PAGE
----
Nichkhun wasn't the only celebrity to speak up. Amanda Obdam, the newly crowned Miss Universe Thailand, took to Instagram with pictures of a lone protester pushing against riot police wielding their shields.

"A picture says a thousand words," the Thai-Canadian model wrote. "Your job is to protect the people not harm them."

- 'Abuse of power' -

Video: Early-bird protesters gather in Bangkok as tensions rise (AFP)

Previously, many stars have remained conspicuously silent on hot-button issues in celebrity-obsessed Thailand, where their careers and income are closely tied to product endorsements. 

Thailand protests: Government announces emergency decree to quell pro-democracy demonstrations

  Thailand protests: Government announces emergency decree to quell pro-democracy demonstrations Thailand's government arrested several prominent protest leaders and announced a ban on gatherings of more than five people under an emergency decree Thursday aimed at quelling pro-democracy demonstrations that have gripped the country for more than three months. © Stringer/Anadolu Agency/Getty Images Pro-democracy protesters seen pushing back Thai police during an anti-government demonstration on October 14, 2020 in Bangkok, Thailand. The decree, which came into effect in the capital Bangkok at 4 a.m.

Pro - democracy demonstrators hold pictures of Thai prime minister and junta leader Prayuth Chan-ocha on Sunday after elections look set to be On Sunday, in one of the biggest pro - democracy protests in Thailand in over four years, hundreds of people took to the streets for the third time in a

Protest is vital to our democracy , giving a voice to those with no platform or privilege. So next time you read about troublemaking activists, wait before passing judgment. See how many convictions for violent activity are forthcoming, which newspaper or institution publishes apologies in print and online.

Alienating potential employers may be a reason -- especially in a kingdom where every sector hums along under the oversight of the multi-billion-dollar business empires, traditional supporters of the ultra-wealthy royal family. 

But business student Min, who arrived at Saturday's protest with a helmet and a gas mask, said celebrities have a moral obligation to speak up. 

"They are in the elite alongside the government," the 18-year-old told AFP. "Their voice is vital."

That voice grew louder this week. Another former beauty queen, TV personality Maria Poonlertlarp, said in a video on Facebook that the treatment of protesters was "completely unjust". 

She had grown more vocal since the July disappearance of Thai pro-democracy activist Wanchalearm Satsaksit, who was kidnapped off the streets of Cambodia where he lived in self-exile.

"People have been silenced from speaking up about the double standards and the abuse of power," she said in tears, switching between Thai and English.

"We've had a lot of injustice going on in Thailand for decades, fighting against our government for democracy," she added.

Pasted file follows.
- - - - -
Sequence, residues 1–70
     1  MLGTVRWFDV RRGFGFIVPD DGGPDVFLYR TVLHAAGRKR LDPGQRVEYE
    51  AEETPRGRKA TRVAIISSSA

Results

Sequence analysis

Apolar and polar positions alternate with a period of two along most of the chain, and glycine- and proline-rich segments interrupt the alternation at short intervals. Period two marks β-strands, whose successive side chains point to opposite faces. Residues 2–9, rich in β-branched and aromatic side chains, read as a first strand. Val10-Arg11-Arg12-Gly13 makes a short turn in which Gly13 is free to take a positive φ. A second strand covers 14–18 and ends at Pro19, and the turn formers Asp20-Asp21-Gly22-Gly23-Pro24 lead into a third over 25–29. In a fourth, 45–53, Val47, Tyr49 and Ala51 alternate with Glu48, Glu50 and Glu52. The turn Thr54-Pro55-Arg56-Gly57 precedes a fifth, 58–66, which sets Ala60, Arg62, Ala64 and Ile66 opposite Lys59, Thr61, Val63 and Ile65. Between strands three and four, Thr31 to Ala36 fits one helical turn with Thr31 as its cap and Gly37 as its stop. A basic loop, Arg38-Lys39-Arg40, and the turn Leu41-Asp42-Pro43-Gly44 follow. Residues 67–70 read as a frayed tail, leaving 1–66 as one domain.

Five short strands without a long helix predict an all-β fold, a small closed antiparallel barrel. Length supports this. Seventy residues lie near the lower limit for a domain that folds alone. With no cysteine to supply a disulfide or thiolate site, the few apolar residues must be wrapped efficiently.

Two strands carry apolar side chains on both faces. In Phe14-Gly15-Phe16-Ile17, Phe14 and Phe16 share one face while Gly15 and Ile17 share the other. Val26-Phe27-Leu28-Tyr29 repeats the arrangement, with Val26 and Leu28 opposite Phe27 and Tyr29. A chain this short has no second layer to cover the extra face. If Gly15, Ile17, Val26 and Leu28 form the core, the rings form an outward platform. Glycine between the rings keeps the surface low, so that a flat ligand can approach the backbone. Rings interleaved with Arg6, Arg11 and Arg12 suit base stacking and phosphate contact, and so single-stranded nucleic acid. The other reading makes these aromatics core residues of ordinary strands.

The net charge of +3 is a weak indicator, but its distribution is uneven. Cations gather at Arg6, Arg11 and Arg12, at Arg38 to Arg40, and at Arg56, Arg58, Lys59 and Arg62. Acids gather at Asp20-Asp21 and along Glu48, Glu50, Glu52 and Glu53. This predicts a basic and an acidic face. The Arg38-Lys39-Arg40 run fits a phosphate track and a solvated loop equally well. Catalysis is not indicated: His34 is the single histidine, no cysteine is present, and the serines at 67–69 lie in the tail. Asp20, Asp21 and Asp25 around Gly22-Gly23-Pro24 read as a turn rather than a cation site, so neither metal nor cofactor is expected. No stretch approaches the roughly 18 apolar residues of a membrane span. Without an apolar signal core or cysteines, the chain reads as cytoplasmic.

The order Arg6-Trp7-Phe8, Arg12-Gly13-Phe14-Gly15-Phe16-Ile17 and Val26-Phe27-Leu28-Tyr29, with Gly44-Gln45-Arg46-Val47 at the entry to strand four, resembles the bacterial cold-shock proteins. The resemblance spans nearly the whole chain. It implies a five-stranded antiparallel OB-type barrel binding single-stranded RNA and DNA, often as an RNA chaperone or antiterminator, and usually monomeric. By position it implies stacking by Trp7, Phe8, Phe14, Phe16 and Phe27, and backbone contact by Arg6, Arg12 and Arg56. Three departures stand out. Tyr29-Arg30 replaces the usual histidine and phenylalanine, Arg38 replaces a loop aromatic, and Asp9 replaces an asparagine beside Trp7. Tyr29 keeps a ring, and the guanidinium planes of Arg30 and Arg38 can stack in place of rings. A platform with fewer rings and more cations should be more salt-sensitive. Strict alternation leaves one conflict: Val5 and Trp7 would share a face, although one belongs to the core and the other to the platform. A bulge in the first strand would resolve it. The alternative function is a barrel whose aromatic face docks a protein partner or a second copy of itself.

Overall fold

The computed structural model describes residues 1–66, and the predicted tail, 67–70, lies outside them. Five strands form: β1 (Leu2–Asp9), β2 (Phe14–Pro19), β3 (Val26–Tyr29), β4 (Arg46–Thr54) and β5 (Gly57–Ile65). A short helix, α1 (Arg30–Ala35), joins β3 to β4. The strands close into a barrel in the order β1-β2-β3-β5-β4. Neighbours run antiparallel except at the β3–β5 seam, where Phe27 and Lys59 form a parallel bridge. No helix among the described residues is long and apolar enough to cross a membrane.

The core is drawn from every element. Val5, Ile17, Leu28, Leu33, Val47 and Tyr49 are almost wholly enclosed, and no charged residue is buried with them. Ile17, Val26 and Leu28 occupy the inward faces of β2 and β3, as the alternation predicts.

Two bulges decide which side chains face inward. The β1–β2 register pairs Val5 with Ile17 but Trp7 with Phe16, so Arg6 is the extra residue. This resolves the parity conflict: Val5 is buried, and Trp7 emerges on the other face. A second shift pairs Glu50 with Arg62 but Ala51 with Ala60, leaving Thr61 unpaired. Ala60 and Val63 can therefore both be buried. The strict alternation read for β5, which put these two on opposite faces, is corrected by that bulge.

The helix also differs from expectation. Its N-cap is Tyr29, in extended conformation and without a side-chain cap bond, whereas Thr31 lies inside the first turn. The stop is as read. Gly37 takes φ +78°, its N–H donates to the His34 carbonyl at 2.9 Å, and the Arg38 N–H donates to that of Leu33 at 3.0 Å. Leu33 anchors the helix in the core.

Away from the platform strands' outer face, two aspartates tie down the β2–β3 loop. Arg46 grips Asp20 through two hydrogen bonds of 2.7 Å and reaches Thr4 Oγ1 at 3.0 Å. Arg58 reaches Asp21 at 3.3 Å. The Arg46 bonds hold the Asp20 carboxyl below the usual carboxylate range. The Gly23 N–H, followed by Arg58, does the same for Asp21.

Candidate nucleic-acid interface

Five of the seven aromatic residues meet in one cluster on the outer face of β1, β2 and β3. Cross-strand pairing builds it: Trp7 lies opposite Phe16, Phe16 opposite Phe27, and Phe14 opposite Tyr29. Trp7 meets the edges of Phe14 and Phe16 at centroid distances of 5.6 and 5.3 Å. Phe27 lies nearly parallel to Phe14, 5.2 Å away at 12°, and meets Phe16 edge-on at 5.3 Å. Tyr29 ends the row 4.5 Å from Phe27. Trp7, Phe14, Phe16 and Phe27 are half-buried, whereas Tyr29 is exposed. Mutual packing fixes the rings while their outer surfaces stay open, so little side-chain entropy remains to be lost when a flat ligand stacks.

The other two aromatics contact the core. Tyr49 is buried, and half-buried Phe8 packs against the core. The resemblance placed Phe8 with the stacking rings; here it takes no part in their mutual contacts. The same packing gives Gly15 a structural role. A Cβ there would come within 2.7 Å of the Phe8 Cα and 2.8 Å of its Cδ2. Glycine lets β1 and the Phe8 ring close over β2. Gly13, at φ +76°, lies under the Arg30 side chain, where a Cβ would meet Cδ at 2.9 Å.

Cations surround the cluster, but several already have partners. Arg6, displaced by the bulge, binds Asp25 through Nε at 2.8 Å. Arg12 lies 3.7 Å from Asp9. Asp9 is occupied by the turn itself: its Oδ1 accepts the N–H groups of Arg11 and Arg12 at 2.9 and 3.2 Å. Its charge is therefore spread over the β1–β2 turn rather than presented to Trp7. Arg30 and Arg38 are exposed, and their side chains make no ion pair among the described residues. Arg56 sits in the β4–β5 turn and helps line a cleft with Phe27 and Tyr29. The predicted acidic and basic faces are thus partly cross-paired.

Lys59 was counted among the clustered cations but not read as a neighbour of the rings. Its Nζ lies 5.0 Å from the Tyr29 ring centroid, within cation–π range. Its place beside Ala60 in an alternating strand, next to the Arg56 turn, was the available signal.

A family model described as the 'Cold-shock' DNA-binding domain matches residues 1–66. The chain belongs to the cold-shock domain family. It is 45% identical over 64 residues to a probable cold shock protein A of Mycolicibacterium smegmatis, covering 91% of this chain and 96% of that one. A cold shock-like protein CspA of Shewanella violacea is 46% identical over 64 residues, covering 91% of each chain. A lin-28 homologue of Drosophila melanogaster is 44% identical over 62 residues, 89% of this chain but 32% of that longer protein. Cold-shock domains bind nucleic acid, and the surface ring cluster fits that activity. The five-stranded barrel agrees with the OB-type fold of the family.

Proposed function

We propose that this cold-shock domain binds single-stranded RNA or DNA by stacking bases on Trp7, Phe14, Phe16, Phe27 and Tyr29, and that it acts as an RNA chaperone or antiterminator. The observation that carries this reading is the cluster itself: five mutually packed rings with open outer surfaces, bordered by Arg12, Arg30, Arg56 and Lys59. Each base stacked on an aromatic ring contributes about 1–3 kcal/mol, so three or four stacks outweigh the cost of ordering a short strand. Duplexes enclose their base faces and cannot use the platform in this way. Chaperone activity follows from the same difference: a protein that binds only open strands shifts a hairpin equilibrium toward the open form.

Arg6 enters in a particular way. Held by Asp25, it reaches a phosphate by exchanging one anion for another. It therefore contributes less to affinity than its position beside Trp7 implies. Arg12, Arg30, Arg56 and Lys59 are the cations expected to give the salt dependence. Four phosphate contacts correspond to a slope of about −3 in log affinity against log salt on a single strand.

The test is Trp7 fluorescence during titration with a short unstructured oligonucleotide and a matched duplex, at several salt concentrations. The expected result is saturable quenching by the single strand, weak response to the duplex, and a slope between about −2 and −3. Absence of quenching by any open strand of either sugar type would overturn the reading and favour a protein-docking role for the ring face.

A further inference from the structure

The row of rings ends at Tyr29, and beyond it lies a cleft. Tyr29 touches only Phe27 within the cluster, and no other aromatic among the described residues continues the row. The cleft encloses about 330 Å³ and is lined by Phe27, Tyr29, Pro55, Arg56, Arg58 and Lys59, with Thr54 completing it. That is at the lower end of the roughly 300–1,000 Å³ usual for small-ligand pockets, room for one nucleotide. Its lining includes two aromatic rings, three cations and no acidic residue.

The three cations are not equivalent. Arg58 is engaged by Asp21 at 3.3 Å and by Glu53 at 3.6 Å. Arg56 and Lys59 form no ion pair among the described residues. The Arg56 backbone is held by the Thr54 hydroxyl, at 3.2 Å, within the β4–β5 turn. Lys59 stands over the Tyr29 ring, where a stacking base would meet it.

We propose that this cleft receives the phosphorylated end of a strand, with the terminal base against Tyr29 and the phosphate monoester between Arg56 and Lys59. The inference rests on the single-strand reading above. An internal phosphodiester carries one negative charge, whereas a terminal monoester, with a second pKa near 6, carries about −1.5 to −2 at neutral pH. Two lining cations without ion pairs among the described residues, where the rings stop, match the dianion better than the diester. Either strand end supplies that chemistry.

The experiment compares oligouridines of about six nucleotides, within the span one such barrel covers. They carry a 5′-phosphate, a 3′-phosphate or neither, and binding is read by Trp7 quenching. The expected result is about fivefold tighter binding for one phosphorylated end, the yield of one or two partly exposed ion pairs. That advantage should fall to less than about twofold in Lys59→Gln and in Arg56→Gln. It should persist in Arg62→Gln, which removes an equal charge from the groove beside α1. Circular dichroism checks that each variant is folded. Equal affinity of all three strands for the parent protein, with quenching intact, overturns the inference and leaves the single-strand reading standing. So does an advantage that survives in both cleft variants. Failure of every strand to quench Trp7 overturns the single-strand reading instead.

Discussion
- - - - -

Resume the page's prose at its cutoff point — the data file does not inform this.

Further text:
Thai democracy protesters defy ban for fourth day

  Thai democracy protesters defy ban for fourth day Thousands of pro-democracy protestors took over a major Bangkok intersection on Sunday with posters bearing the faces of arrested activists, defying a ban on gatherings and stern warnings from authorities who have escalated a crackdown in recent days. The youth-led movement has suffered several blows this week, with scores arrested after demonstrators surrounded a royal motorcade and flashed a pro-democracy salute to Queen Suthida during a Wednesday protest.

But that same day, President Bush was visiting 10 Downing Street and the police were ordered to close Whitehall, preventing the letter from being delivered. As I was at the head of the protest myself, I saw what was happening – the violence of the police against the demonstrators was clearly visible

Pictured: Protestors throwing eggs at police officers. Many members of the hospitality industry arrived in chef's aprons to bang pots and pans during the Meanwhile, Bosnia and Herzegovina, Croatia, the Czech Republic, France, Italy, Poland, Slovakia, Slovenia and Switzerland all recorded their highest

Seated next to Maria in the video was her partner Wannasingh Prasertkul, a television presenter whose parents were part of a student movement that saw a massacre in 1976 by royalist forces in Bangkok. 

- 'Ignorant people are silent' -

Even some celebrities who have mixed with Thailand's leaders have spoken out. Popular girl band BNK48 visited Prayut at Government House in 2018, where officially released photos showed the normally gruff premier chatting cheerfully with the group.

The visit drew ire from critics who saw it as an attempt to soften the image of the former army chief, who masterminded the 2014 coup and retained power in controversial elections last year.

But BNK48 member Milin "Namneung" Dokthian left no room for doubt about her feelings in a message urging protesters to "stay safe" this week.

"We wouldn't have to say 'be safe' if we had a true democracy," she wrote on Facebook, in a post shared by fellow band-members.

The support from some celebrities, and silence from others, are not lost on the young protesters. Juggling goggles and a helmet at Saturday's protest, 25-year-old Aim scoffed at those who refuse to speak up.

"Perhaps they are out of touch and have grown up in a (privileged) situation," she told AFP, adding that the fans are paying attention.

"We will abandon them because they are ignorant people and are silent."